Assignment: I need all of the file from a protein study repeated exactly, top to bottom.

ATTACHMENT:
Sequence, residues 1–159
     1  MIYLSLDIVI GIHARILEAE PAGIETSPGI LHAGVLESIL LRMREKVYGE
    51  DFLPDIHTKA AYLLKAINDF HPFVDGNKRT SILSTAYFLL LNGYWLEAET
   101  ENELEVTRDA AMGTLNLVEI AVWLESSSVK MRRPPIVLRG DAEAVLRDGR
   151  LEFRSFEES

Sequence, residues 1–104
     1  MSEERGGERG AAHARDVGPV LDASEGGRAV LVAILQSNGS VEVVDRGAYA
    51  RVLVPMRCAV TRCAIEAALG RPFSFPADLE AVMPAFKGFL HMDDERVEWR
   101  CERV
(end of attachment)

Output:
Sequence, residues 1–159
     1  MIYLSLDIVI GIHARILEAE PAGIETSPGI LHAGVLESIL LRMREKVYGE
    51  DFLPDIHTKA AYLLKAINDF HPFVDGNKRT SILSTAYFLL LNGYWLEAET
   101  ENELEVTRDA AMGTLNLVEI AVWLESSSVK MRRPPIVLRG DAEAVLRDGR
   151  LEFRSFEES

Sequence, residues 1–104
     1  MSEERGGERG AAHARDVGPV LDASEGGRAV LVAILQSNGS VEVVDRGAYA
    51  RVLVPMRCAV TRCAIEAALG RPFSFPADLE AVMPAFKGFL HMDDERVEWR
   101  CERV